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Author Topic: Cellar Science SAISON: Origin and Suggested Ferm Schedule?  (Read 987 times)

Offline John M

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Cellar Science SAISON: Origin and Suggested Ferm Schedule?
« on: February 18, 2024, 09:56:22 am »
Does anyone know the origin of Cellar Science Saison strain? Also, interested in suggestions for ferm temps. I looked at one of my older Saison recipes, and I used Belle Saison. I pitched at 70, and let it rise 1 degree each day, until active ferm subsided. I remember that being a really good beer.
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Offline John M

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Re: Cellar Science SAISON: Origin and Suggested Ferm Schedule?
« Reply #1 on: February 19, 2024, 08:53:59 am »
Regardless of Saison strain, I'd love to hear what temp/s you guys ferment your Saisons at. I'm assuming this is a Belgian strain, vs. French.
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Offline goose

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Re: Cellar Science SAISON: Origin and Suggested Ferm Schedule?
« Reply #2 on: February 19, 2024, 09:15:11 am »
I start my Saison fermentation at 75 degrees and let it free rise to almost 90 degrees F. with Wyeast 3711 French Saison Yeast.  One of my close friends who is a BJCP Grand Master judge once told me it can never get too hot for a Saison.  The beer always comes out very tasty and I get the level of phenolics I am looking for in the beer.

I originally made thee beer with Wyeast 565 Belle Saison yeast but got frustrated when it stalls during fermentation.  It takes off again after a bit of time but I always worried about it stalling mid-fermentation.
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Offline John M

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Re: Cellar Science SAISON: Origin and Suggested Ferm Schedule?
« Reply #3 on: February 19, 2024, 10:11:31 am »
I start my Saison fermentation at 75 degrees and let it free rise to almost 90 degrees F. with Wyeast 3711 French Saison Yeast.  One of my close friends who is a BJCP Grand Master judge once told me it can never get too hot for a Saison.  The beer always comes out very tasty and I get the level of phenolics I am looking for in the beer.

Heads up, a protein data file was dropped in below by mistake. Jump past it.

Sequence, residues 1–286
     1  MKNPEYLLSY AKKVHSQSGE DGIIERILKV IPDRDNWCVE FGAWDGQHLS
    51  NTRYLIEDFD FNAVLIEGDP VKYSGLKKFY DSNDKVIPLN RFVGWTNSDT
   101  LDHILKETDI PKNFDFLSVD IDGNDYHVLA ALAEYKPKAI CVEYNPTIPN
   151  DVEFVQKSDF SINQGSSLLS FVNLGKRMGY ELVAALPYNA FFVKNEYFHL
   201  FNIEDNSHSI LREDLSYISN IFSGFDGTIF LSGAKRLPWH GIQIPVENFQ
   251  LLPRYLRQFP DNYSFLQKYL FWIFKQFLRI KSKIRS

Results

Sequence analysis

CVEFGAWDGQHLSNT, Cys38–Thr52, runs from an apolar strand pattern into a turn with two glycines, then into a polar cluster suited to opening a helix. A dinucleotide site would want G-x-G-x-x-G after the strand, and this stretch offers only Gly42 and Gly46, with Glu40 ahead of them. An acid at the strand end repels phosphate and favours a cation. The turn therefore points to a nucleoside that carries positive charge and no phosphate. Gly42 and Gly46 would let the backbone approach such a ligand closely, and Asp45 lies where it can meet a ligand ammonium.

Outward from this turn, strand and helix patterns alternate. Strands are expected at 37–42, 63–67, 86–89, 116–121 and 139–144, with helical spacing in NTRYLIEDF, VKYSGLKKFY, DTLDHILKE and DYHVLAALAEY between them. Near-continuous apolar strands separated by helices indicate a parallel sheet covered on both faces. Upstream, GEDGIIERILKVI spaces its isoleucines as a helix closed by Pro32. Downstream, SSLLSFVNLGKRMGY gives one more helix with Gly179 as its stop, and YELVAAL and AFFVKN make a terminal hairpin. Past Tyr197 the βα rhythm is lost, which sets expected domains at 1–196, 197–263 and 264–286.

I originally made thee beer with Wyeast 565 Belle Saison yeast but got frustrated when it stalls during fermentation.  It takes off again after a bit of time but I always worried about it stalling mid-fermentation.
Thank you!
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Offline denny

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Re: Cellar Science SAISON: Origin and Suggested Ferm Schedule?
« Reply #4 on: February 19, 2024, 10:13:47 am »
Regardless of Saison strain, I'd love to hear what temp/s you guys ferment your Saisons at. I'm assuming this is a Belgian strain, vs. French.

Drew has spoken about this at length.  He generally pitches in the mid 60s and lets it rise
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Offline dannyjed

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Re: Cellar Science SAISON: Origin and Suggested Ferm Schedule?
« Reply #5 on: February 19, 2024, 11:07:51 am »
Regardless of Saison strain, I'd love to hear what temp/s you guys ferment your Saisons at. I'm assuming this is a Belgian strain, vs. French.

Drew has spoken about this at length.  He generally pitches in the mid 60s and lets it rise
I think he also states that the Belgian Saison yeast is pressure sensitive and it can be a good practice to open ferment.


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Offline denny

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Re: Cellar Science SAISON: Origin and Suggested Ferm Schedule?
« Reply #6 on: February 19, 2024, 12:01:48 pm »
Regardless of Saison strain, I'd love to hear what temp/s you guys ferment your Saisons at. I'm assuming this is a Belgian strain, vs. French.

Drew has spoken about this at length.  He generally pitches in the mid 60s and lets it rise
I think he also states that the Belgian Saison yeast is pressure sensitive and it can be a good practice to open ferment.


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Not all apparently, but 3726 definitely is
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Offline John M